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1. BIG TROUBLES MAY LOOM IN CHINA: Xi Jinping’s pursuit of greatness is now squarely in line with China’s own ambitions. Communist Party elites capped a year of upheaval in China by virtually erasing Xi’s predecessors from history and cementing his status second only to Chairman Mao. “What Beijing is doing is chaotic, but it all flows from Xi’s ideology,” Insider’s Linette Lopez writes in her latest deep dive into what’s unfolding in Beijing.
Here are some other key highlights from her piece:
Xi has adopted a more aggressive posture at home and abroad: He “fears that Chinese society will splinter, drifting away from the CCP’s core tenets,” my colleague writes, adding, “Xi sees a pluralistic society as a threat.”
- But China’s efforts to fuel nationalism come with a cost: “The Japanese Defense Ministry asked for a record budget increase this year, and Taiwan, worried by China’s moves in Hong Kong, has become more resistant to Beijing than ever,” Lopez writes. “Over the past year, the US has increased its naval activity in the South China Sea, prompting the Chinese Defense Ministry to voice its displeasure.”
2. At least 5 people reported dead after an SUV driver plowed through a parade in Wisconsin: During a Christmas parade in Waukesha, Wisconsin, a driver of a red SUV barreled through barricades and into the parade behind a school, resulting in at least five deaths and more than 40 injuries, authorities say. Here’s what we know so far.
3. Biden has privately told allies he’s running in 2024: Concerns over President Joe Biden’s sinking approval ratings have renewed questions about whether he’ll seek reelection, but the president is telling close allies and friends that he is determined to run again, The Washington Post reports. Every president since Lyndon B. Johnson has sought reelection, but Biden is likely to encounter further concerns about his age. He turned 79 Saturday. One Democratic donor said some in the party were “praying that Trump runs.”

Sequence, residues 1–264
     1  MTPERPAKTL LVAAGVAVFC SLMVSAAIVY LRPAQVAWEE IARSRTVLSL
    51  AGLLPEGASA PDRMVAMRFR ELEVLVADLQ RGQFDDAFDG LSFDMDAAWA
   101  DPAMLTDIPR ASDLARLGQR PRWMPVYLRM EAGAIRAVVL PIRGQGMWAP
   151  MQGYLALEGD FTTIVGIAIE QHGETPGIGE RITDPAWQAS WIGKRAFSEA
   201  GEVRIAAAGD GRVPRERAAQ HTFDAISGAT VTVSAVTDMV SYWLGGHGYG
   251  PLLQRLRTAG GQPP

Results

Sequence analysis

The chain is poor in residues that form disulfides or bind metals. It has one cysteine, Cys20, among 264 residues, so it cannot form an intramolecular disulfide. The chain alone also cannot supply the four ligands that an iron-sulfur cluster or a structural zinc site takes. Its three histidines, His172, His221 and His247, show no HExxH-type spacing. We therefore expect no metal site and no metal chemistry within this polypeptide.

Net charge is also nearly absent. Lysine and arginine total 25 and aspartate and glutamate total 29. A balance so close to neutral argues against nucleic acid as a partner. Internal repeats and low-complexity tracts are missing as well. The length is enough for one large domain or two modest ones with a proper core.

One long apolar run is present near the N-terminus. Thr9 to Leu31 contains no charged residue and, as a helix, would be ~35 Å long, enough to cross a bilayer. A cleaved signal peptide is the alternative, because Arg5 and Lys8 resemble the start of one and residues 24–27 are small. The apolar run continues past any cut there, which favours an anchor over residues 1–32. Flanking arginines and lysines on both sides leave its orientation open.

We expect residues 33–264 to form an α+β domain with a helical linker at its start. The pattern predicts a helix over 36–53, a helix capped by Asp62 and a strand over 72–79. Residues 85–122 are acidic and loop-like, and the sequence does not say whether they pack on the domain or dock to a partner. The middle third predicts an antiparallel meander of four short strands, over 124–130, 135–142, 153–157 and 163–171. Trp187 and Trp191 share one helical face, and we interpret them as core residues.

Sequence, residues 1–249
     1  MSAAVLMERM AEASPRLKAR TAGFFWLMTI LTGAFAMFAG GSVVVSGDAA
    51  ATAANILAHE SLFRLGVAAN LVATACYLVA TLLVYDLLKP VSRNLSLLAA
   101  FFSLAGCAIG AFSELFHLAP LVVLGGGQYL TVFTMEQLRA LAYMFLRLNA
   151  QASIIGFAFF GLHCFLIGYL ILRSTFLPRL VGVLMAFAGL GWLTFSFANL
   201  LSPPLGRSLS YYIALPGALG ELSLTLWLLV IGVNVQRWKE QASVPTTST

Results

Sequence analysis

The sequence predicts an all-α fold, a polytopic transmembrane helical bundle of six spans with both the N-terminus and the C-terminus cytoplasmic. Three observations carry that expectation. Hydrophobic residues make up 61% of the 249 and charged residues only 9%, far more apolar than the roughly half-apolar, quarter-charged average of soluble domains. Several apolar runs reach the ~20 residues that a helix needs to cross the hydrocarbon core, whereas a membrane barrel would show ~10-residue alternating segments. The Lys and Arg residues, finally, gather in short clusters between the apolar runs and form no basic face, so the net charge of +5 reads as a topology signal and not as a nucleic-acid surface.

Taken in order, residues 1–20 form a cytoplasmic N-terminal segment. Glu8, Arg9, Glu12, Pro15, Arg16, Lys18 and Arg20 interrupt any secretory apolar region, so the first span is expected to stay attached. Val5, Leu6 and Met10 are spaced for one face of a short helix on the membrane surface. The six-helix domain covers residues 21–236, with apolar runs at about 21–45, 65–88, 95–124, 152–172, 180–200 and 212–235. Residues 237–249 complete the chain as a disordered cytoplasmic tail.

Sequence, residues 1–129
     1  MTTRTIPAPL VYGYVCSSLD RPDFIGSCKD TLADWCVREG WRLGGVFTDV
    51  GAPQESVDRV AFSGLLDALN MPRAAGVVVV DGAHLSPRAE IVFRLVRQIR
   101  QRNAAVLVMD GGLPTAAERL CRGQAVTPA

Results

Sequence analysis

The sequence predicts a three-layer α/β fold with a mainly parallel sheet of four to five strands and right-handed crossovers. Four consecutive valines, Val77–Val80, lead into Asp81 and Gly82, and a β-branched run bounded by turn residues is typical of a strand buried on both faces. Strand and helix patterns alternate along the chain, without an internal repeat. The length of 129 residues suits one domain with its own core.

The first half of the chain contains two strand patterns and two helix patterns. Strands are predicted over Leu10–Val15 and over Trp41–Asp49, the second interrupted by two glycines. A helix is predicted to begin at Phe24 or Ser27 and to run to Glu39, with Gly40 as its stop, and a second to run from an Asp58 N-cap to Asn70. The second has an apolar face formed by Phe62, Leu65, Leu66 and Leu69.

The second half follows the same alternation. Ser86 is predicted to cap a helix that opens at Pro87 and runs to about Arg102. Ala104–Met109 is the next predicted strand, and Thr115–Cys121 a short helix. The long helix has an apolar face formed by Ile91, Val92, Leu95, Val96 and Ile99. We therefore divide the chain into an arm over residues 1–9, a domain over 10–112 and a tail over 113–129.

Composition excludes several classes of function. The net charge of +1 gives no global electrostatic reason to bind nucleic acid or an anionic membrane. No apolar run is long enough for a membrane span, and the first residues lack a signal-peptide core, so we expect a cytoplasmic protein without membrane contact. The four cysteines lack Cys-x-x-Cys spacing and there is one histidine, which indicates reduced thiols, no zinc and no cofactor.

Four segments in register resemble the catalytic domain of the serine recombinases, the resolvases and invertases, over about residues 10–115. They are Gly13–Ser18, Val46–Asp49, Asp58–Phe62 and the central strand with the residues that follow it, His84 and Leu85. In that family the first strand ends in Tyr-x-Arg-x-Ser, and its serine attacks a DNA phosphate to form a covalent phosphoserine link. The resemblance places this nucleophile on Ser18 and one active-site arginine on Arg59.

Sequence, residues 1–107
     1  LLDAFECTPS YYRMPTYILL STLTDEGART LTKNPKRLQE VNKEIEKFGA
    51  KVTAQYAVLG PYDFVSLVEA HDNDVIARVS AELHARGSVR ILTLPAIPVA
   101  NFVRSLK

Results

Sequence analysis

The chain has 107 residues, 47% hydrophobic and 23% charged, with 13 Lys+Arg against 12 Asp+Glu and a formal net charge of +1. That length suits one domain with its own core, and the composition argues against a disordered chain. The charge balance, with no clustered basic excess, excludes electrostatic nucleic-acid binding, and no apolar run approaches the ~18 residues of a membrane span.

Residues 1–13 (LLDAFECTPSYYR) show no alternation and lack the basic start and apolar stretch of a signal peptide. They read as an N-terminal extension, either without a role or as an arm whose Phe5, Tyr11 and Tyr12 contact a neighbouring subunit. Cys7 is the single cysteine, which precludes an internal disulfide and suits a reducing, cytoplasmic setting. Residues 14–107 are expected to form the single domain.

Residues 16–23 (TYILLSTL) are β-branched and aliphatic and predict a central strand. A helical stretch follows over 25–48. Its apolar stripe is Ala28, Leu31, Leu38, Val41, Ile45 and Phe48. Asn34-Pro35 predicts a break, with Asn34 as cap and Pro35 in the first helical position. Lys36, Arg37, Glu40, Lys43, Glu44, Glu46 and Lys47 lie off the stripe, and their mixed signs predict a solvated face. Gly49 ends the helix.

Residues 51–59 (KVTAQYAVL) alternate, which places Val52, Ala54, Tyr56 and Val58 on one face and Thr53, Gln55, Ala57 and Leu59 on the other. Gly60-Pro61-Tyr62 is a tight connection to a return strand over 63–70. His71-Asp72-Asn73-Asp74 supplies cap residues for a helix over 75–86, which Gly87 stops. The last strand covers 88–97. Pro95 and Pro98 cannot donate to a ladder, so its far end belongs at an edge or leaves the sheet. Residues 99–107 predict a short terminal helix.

4. Obama’s education secretary doesn’t want critical race theory taught in schools: Republican attacks on race education are “anti-truth” and “anti-teacher,” John King Jr., who is running for Maryland governor, told Insider of critical-race-theory controversies. King, who lives about 25 miles from the property where his great-grandfather was enslaved, added that laws banning the teaching of critical race theory were already having a “chilling effect” on teachers, some of whom are worried about discussing slavery, Japanese internment, or the civil-rights movement. Read more from Insider’s interview on how King says teachers should approach the “ugly” parts of American history and the nation’s progress.
- Key quote: “I think we have to strongly make the case for a truthful teaching of our history,” he said. “And I think we also have to make the case for the country being strong enough to both grapple with ways we’ve fallen short of our aspirations, and also celebrate the ways we’ve made progress towards greater equality over time. We can hold both ideas.”
5. Some former Trump staffers voluntarily testified about the Capitol riot: Democratic Rep. Zoe Lofgren of California, a member of the US House select committee investigating the January 6 Capitol insurrection, said many of the more than 200 witnesses voluntarily interviewed by the committee were former Trump administration officials. Some of the witnesses volunteered their testimony on the condition of being issued a subpoena for “cover,” Lofgren told CNN. More on where the investigation into the insurrection stands.